The problem with problem-solving

Dr. Tony NSA Leave a Comment

Karen was in again this week. This time she came in with a headache, nausea, pain in the sinuses and back pain. After she lay down on the table for a while, I came and asked her what she was doing with all of these sensations. She told me that she was trying to focus on releasing the pain and tension with her breath and some stretching.

I assessed her spine and nervous system and then I asked her to focus on what we call a Gateway, in her neck. Typically areas of pain/tension are more closely associated with the Sympathetic nervous system. These areas are called Points of Defence. A Gateway on the other hand is an area of ease that is more closely associated with the PreFrontal cortex and the Parasympathetic nervous system.

So I asked Karen to focus on the Gateway as I touched it, on the area of ease rather than the area of tension. Her symptoms started to subside almost immediately.

When we experience a “problem”, and pain/tension in the body is usually seen as a problem, we tend to go into problem-solving mode (a feature of our intellect). We focus on the problem. We ask questions like “what did we do wrong?” or “ why me?”. This level of thinking is limited in it’s potential to solve a problem.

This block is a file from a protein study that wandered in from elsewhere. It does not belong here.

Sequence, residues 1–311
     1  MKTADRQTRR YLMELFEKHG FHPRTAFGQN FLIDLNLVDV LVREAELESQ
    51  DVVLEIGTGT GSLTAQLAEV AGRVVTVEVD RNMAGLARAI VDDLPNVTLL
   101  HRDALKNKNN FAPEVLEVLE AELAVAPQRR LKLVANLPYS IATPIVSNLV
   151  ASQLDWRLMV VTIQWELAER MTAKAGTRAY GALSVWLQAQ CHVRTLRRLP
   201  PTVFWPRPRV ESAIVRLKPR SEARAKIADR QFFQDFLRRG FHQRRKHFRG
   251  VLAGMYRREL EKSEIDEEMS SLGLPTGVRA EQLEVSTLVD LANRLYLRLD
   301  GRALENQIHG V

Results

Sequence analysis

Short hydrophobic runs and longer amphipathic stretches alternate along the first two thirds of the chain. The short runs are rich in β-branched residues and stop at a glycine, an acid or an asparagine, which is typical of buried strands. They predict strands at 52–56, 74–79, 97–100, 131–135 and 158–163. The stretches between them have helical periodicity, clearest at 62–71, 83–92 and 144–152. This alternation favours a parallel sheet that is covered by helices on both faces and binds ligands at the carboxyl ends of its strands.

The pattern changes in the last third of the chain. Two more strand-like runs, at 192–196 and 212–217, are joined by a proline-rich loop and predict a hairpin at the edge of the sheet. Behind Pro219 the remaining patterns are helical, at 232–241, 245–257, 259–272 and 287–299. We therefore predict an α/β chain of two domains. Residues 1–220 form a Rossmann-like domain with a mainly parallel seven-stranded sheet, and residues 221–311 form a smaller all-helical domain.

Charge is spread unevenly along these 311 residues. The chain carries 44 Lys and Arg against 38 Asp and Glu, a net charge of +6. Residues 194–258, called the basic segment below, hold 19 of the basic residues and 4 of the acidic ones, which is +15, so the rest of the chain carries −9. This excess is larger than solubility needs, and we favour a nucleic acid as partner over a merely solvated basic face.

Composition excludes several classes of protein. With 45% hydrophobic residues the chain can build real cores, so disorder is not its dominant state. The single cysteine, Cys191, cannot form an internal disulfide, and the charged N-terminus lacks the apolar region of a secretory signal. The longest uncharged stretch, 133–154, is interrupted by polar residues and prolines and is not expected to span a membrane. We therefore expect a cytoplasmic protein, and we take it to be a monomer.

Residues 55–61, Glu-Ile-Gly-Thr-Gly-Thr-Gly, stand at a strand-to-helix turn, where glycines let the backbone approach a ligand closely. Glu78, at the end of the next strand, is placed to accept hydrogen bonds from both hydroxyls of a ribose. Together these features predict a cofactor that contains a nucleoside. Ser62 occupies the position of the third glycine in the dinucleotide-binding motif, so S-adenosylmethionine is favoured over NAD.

We can however also learn to focus on ease rather than tension; on grace rather than effort. By changing our focus, we change our physiology. As a result we can often come up with a more elegant solution that would have evaded us if we were solely focused on solving the problem. It’s as if we open a door that lets us access more resources that then raise the potential energy of an outcome.

We have a great capacity to not only heal but also to grow and evolve. And it all starts with our focus and the nervous system.

You get to choose your thoughts
5 Common Exercise Myths

Leave a Reply

Your email address will not be published. Required fields are marked *